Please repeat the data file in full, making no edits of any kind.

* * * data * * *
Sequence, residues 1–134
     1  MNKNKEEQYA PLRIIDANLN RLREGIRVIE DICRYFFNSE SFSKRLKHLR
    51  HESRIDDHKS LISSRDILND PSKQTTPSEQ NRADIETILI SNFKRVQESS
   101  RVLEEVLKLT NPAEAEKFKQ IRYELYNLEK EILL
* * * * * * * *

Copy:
Sequence, residues 1–134
     1  MNKNKEEQYA PLRIIDANLN RLREGIRVIE DICRYFFNSE SFSKRLKHLR
    51  HESRIDDHKS LISSRDILND PSKQTTPSEQ NRADIETILI SNFKRVQESS
   101  RVLEEVLKLT NPAEAEKFKQ IRYELYNLEK EILL